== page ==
The collected data was analysed to determine the level of activity of both the sympathetic (fight-or-flight) and parasympathetic (rest) nervous systems, and whether or not drinking alcohol affected these activity levels. The parasympathetic nervous system is usually dominant when we are asleep. The researchers evaluated the effect of the alcohol during the three hours before and after drinking the alcohol, the first three hours of sleep, and the last three hours of sleep.
What were the basic results?
The researchers found that the high dose of alcohol increased the amount of time taken for the volunteers to reach the REM sleep stage. The REM stage tends to be shallow sleep, and is the time during which we dream.
After drinking the high dose of alcohol, sleep patterns were altered during the first part of the night. When the students drank the high dose of alcohol they:
- experienced less REM sleep than after the low dose of alcohol
- moved less than after the low dose of alcohol
- woke up less than after no alcohol
- had a significantly higher heart rate than after no alcohol.
After drinking the high dose of alcohol, sleep patterns were altered during the second part of the night as well. When the students drank the high dose of alcohol they:
- experienced less REM sleep than after the low dose of alcohol
- spent more time in Stage 1 sleep (the beginning of the sleep cycle, a light sleep) than after no alcohol
- woke up more often than after no alcohol
- had a significantly higher heart rate than after no alcohol or the low dose alcohol.
Overall, when volunteers drank the high dose of alcohol they experienced a decrease in REM sleep throughout the night, and shallower sleep during the last half of the night.
In terms of autonomic nervous system functioning, when volunteers drank the high dose of alcohol they showed:
- less parasympathetic nervous system (rest) activity compared to those who drank no alcohol
- less sympathetic nervous system (fight or flight) activity compared to those who drank no alcohol
- more sympathetic and parasympathetic nervous system activity in the second half of the night compared to the first half.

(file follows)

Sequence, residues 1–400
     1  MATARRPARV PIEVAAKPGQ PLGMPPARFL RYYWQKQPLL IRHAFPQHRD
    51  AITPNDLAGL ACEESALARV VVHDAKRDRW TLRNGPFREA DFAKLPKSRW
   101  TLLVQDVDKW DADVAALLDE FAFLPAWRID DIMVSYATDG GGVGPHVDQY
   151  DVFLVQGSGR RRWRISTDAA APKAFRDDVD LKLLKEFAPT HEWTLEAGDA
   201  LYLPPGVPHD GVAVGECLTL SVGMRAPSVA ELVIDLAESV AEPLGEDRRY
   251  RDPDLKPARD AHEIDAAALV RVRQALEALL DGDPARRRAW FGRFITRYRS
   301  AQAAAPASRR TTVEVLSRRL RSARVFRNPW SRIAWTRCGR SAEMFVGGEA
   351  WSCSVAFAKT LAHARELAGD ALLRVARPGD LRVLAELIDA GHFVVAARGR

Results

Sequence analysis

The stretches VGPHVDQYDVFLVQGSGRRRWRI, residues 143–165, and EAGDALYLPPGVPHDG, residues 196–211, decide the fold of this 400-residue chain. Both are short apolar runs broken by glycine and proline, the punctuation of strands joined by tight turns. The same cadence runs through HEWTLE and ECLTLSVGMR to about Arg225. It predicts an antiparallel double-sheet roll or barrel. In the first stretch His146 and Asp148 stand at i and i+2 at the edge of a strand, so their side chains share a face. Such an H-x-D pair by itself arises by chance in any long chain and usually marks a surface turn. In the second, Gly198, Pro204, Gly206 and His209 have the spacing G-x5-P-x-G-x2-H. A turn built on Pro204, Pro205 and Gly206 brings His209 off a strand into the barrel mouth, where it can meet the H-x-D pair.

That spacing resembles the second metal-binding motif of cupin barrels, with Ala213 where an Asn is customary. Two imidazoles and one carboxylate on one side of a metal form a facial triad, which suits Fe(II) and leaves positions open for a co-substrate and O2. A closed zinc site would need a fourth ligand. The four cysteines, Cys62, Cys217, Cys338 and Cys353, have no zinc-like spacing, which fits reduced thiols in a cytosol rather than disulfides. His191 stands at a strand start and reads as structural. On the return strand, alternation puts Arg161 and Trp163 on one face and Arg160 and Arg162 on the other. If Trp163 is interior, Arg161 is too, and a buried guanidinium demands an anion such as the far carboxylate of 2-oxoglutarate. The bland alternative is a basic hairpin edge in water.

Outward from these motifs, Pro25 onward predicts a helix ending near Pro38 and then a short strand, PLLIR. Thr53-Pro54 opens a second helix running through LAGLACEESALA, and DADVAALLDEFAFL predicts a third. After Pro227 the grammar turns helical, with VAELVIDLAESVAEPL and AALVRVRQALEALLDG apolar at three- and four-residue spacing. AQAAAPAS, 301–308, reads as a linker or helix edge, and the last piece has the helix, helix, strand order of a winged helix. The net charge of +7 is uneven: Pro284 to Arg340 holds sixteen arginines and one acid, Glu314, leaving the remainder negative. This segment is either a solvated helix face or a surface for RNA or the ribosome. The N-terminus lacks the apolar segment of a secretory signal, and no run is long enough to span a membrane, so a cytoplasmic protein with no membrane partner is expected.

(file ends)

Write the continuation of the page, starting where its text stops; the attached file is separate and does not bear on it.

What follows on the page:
When the volunteers drank the low dose of alcohol they also exhibited less parasympathetic nervous system activity compared to those who drank no alcohol.
How did the researchers interpret the results?
The researchers concluded that when alcohol is consumed before going to bed, the activity of the parasympathetic nervous system is reduced during sleep, allowing the sympathetic nervous system to be dominant. Alcohol also increases the level of wakefulness during the last half of the night when consumed in high doses.
They also say that their results show that drinking higher levels of alcohol interferes with the relationship between sleep and the autonomic nervous system.
Finally, they say that the results suggest that alcohol disturbs the restorative effects of sleep, preventing the heart rate from decreasing and the parasympathetic nervous system from becoming dominant.
This was a small sleep study, which examined the impact of drinking alcohol on the quality and depth of sleep. The fact that this study was in only 10 people is an important limitation, as it increases the possibility that these results are due to chance alone.
The study has other weaknesses. The researchers say that it may be difficult to determine whether the poor sleep observed was due to the alcohol or due to trying to sleep while attached to multiple electrodes and monitors. It is likely that the volunteers would have found the first night under these conditions the most difficult to sleep in. Because all participants received the same amount of alcohol on the first night, this could mean that the results for this first night are not reliable. A better design would have been to randomly assign participants to different orders of receiving the drinks, so that this “first night effect” would affect all the different drink levels equally.
Heart rate variability is also an indirect measure of nervous system activity. Therefore attributing changes in this measure to changes in nervous system functioning should be done cautiously. The researchers say that alcohol has been shown to impact the activity of the heart. When using an indirect measure such as heart rate variability, it is difficult to say whether the changes seen indicate changes to the functioning of the autonomic nervous system or changes to the activity of the heart itself.
Also importantly, the study did not ask the participants how restful they found their sleep, so we cannot determine whether they felt the effect of any of the changes seen.
Overall, further research involving more subjects and using a better study design is needed. It is already known that alcohol affects sleep, and can lead to poorer quality sleep. Further study to establish the extent of the effect that alcohol has on sleep, and how much alcohol is needed (such as a ‘nightcap’) to cause an effect would be useful.